While Mr. Blunt and Cranky possesses a strong Libertarian streak, he knows that data supports a certain amount of regulation as a positive influence on the marketplace. And he humbly submits that any few jobs that might be lost due to a new regulation are not as big of a deal compared with the huge number of jobs lost due to the consequences of de-regulation.

Remember the huge financial crisis of a few years ago? That was caused by insufficient regulation and lax enforcement of existing regulations, and has resulted in the toss of tens of millions of jobs around the globe. In fact, the job losses aren’t over yet. These are tangible job losses caused by a tangible cause.

So against the hypothetical, faith-based loss of potential jobs maybe someday somewhere that might possibly be caused by future regulations, this writer presents the worldwide loss of actual jobs caused by inadequate regulations. Facts beat faith, as they so often do. 

Mr. B & C

There has been a wee bit of a kerfuffle in the media on the difference between “outsourcing” and “offshoring”, said kerfuffle obscuring the basic point.  So Mr. Blunt and Cranky will attempt to de-kerfufflify the terminology:

Outsourcing is when you used to do the job, and then gave it someone else’s company to do for you.  Outsourcing can send a job overseas, to another state, or even keep it in the same building.  It does not necessarily involve international job migration. (Mr. B & C works as a consultant, and has had jobs “outsourced” to him for years now, for instance. Almost always in the U.S.)

Offshoring is the actual migration of jobs from your country to another: call center jobs going to Ireland or India, manufacturing jobs going to Mexico or China, etc. This is what people get arsed about, rightly or wrongly. (Note that offshoring is not always a bad thing. Sometimes it can actually preserve American jobs, strange though that may seem.) Offshoring is what happened after NAFTA and other TAs (and various tax policies) were imposed that made it profitable to de-job Americans.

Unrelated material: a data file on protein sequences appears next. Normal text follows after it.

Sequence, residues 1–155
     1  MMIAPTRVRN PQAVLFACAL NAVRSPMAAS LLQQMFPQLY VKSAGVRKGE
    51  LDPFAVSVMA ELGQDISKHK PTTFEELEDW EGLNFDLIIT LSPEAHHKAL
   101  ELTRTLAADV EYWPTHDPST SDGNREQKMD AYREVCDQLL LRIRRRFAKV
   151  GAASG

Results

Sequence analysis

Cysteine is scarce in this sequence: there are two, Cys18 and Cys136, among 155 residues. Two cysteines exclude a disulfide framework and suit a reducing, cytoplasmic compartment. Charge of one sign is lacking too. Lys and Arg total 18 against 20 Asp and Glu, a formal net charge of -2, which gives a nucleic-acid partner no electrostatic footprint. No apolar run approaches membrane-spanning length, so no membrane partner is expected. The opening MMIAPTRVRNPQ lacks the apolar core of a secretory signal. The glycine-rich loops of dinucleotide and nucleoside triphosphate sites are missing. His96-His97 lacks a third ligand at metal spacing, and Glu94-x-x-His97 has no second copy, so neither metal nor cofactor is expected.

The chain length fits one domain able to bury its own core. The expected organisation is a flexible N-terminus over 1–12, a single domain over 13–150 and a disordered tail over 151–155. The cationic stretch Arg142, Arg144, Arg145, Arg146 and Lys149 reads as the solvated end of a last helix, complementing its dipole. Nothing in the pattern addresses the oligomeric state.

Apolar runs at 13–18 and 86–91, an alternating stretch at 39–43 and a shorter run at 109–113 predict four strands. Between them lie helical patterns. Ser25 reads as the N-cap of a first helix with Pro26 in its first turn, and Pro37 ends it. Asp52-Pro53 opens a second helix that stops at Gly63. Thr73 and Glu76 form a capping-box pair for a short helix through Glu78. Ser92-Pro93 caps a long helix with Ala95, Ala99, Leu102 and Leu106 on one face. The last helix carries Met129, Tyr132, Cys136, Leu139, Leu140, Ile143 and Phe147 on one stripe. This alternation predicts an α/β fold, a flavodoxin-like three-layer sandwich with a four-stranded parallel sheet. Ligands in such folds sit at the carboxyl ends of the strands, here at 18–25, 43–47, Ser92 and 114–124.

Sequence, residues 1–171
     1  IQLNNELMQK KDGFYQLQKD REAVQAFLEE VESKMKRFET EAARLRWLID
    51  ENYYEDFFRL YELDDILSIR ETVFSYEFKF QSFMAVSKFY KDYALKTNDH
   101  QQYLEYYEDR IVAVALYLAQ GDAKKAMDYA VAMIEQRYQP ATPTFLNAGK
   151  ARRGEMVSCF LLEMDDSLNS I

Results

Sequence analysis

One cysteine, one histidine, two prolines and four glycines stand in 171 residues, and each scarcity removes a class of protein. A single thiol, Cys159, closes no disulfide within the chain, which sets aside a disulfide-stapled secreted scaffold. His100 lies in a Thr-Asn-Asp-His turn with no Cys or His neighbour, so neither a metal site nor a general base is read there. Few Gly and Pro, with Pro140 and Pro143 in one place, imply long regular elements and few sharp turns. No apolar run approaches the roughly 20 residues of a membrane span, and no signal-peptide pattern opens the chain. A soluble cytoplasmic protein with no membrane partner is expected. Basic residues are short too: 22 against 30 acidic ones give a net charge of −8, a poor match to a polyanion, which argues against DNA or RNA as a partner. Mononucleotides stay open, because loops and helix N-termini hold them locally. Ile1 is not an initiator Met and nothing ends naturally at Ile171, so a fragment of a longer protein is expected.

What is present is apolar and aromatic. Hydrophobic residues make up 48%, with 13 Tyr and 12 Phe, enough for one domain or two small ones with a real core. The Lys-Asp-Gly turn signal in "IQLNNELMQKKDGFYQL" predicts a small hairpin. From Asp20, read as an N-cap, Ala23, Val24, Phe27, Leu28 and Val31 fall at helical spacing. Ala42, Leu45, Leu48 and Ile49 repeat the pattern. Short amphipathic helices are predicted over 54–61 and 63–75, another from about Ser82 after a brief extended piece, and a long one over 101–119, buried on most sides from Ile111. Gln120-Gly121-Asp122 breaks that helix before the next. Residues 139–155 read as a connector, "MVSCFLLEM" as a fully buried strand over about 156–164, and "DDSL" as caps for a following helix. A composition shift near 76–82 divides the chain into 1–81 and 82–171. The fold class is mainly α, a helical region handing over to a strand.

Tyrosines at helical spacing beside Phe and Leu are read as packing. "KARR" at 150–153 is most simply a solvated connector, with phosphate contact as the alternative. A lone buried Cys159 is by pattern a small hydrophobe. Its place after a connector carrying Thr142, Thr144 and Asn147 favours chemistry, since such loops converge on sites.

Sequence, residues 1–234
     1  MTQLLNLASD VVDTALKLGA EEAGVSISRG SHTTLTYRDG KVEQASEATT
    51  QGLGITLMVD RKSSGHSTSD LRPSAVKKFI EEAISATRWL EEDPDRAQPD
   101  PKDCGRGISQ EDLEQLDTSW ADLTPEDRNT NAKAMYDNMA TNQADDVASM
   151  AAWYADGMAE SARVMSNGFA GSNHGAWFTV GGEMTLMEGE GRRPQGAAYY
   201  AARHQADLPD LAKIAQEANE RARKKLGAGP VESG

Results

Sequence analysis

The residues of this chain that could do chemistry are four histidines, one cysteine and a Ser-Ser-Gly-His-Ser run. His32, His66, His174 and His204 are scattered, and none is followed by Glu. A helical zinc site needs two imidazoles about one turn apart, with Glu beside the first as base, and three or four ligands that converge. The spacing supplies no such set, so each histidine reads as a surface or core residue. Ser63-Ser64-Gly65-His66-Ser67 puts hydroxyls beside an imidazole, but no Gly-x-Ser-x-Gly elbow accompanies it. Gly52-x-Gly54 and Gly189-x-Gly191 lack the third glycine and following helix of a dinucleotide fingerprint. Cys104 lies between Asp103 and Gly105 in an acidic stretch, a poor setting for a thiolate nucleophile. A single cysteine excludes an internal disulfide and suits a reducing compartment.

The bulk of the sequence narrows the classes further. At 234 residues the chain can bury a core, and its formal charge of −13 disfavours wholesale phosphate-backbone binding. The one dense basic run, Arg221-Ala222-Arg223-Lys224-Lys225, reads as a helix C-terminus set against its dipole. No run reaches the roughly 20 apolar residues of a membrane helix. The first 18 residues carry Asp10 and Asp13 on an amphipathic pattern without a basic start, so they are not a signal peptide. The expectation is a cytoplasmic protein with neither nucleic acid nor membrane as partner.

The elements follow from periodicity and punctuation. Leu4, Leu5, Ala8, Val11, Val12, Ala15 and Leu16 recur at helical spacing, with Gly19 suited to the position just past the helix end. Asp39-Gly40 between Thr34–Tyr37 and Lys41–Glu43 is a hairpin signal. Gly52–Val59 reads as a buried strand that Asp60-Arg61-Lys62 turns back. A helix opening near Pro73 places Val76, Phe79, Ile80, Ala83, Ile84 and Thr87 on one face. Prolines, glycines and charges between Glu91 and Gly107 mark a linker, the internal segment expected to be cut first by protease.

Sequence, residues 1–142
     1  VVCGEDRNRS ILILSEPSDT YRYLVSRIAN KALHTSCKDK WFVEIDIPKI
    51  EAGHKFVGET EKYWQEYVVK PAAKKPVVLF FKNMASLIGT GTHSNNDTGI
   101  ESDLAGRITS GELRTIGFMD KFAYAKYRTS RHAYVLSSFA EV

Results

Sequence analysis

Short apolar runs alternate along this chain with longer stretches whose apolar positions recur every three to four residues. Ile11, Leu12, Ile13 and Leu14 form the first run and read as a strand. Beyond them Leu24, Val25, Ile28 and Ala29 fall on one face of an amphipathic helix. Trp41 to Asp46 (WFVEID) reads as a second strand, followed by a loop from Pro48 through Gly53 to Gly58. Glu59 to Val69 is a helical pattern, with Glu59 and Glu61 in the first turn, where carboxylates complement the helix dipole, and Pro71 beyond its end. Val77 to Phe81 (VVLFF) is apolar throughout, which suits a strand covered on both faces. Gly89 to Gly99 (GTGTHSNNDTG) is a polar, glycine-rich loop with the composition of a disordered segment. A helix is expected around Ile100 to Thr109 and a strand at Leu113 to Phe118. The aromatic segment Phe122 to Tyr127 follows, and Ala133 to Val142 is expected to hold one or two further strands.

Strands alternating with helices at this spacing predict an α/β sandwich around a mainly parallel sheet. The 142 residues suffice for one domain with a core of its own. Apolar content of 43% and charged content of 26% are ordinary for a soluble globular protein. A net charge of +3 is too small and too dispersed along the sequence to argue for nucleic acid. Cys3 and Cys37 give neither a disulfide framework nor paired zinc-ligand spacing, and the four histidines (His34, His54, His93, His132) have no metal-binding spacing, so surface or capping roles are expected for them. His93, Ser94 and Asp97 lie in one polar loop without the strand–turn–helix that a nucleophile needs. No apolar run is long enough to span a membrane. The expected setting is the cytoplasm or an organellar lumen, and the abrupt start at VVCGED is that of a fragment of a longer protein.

This is the basic point behind the word games: American jobs were taken away, and sent to people in other countries to do.

There is a difference between the two candidates for Prexy in their views of offshoring: Romney favors it, and Obama kinda sorta doesn’t, mostly maybe. We can see their views expressed in their tax policy proposals: Romney and his party promote tax benefits to companies that send jobs to other counties (Romney also showed his support for offshoring via his company’s private-sector activities). Obama and some of his party are beginning to feel that we should not be doing so, and are shifting some of their policies to encourage the return of jobs to the United States.

If we want jobs to be created in America (“inshoring” is the new buzzword: and no, this blogger is not making that up), we should adjust tax policy so as to encourage it. This is largely the role of Congress, which of late is so busy with inter-party squabbling that they can’t even do the few things that they agree on. The President can set a tone and encourage such policy, and even take some limited action via the Executive Branch, of course, so it does matter which schmuck you vote for. Romney and his party will try to send more jobs away, while Obama and his party will try to keep some of them here. How you vote will to some extent determine which way the jobs will flow. Note, however, that where jobs go is mostly dictated by market conditions.

Mr. B & C